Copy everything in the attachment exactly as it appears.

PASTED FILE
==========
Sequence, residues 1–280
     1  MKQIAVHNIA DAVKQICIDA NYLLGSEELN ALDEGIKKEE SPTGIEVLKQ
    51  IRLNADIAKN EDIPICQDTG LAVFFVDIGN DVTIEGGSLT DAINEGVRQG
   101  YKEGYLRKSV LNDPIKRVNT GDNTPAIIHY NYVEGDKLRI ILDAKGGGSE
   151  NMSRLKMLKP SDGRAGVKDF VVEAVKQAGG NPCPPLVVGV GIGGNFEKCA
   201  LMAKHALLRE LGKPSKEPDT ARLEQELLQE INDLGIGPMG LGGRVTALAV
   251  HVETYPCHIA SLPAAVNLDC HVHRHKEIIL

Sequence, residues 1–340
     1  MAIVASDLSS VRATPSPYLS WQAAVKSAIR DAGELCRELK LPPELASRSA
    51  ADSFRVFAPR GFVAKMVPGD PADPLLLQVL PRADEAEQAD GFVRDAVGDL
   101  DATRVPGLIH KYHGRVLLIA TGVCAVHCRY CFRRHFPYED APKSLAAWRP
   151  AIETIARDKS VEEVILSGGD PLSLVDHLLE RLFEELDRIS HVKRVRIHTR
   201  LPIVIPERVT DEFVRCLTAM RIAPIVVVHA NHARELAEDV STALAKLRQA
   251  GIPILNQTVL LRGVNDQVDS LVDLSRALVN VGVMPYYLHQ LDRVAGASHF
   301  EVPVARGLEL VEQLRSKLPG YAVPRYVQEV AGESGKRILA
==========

Sequence, residues 1–280
     1  MKQIAVHNIA DAVKQICIDA NYLLGSEELN ALDEGIKKEE SPTGIEVLKQ
    51  IRLNADIAKN EDIPICQDTG LAVFFVDIGN DVTIEGGSLT DAINEGVRQG
   101  YKEGYLRKSV LNDPIKRVNT GDNTPAIIHY NYVEGDKLRI ILDAKGGGSE
   151  NMSRLKMLKP SDGRAGVKDF VVEAVKQAGG NPCPPLVVGV GIGGNFEKCA
   201  LMAKHALLRE LGKPSKEPDT ARLEQELLQE INDLGIGPMG LGGRVTALAV
   251  HVETYPCHIA SLPAAVNLDC HVHRHKEIIL

Sequence, residues 1–340
     1  MAIVASDLSS VRATPSPYLS WQAAVKSAIR DAGELCRELK LPPELASRSA
    51  ADSFRVFAPR GFVAKMVPGD PADPLLLQVL PRADEAEQAD GFVRDAVGDL
   101  DATRVPGLIH KYHGRVLLIA TGVCAVHCRY CFRRHFPYED APKSLAAWRP
   151  AIETIARDKS VEEVILSGGD PLSLVDHLLE RLFEELDRIS HVKRVRIHTR
   201  LPIVIPERVT DEFVRCLTAM RIAPIVVVHA NHARELAEDV STALAKLRQA
   251  GIPILNQTVL LRGVNDQVDS LVDLSRALVN VGVMPYYLHQ LDRVAGASHF
   301  EVPVARGLEL VEQLRSKLPG YAVPRYVQEV AGESGKRILA